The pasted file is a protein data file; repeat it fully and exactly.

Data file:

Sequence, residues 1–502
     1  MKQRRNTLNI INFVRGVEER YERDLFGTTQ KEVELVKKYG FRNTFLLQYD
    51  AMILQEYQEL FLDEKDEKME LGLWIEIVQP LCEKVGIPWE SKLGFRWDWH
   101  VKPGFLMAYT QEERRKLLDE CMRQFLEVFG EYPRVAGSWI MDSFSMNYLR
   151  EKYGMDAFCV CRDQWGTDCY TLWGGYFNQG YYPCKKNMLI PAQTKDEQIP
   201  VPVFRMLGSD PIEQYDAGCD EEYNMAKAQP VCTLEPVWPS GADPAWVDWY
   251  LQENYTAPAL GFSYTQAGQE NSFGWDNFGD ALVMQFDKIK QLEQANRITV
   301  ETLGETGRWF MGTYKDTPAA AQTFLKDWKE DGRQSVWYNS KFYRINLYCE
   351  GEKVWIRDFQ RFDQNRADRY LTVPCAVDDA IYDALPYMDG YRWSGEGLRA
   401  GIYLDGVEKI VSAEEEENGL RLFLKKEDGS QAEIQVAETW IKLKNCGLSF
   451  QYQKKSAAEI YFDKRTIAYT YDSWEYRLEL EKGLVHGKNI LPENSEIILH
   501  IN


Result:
Sequence, residues 1–502
     1  MKQRRNTLNI INFVRGVEER YERDLFGTTQ KEVELVKKYG FRNTFLLQYD
    51  AMILQEYQEL FLDEKDEKME LGLWIEIVQP LCEKVGIPWE SKLGFRWDWH
   101  VKPGFLMAYT QEERRKLLDE CMRQFLEVFG EYPRVAGSWI MDSFSMNYLR
   151  EKYGMDAFCV CRDQWGTDCY TLWGGYFNQG YYPCKKNMLI PAQTKDEQIP
   201  VPVFRMLGSD PIEQYDAGCD EEYNMAKAQP VCTLEPVWPS GADPAWVDWY
   251  LQENYTAPAL GFSYTQAGQE NSFGWDNFGD ALVMQFDKIK QLEQANRITV
   301  ETLGETGRWF MGTYKDTPAA AQTFLKDWKE DGRQSVWYNS KFYRINLYCE
   351  GEKVWIRDFQ RFDQNRADRY LTVPCAVDDA IYDALPYMDG YRWSGEGLRA
   401  GIYLDGVEKI VSAEEEENGL RLFLKKEDGS QAEIQVAETW IKLKNCGLSF
   451  QYQKKSAAEI YFDKRTIAYT YDSWEYRLEL EKGLVHGKNI LPENSEIILH
   501  IN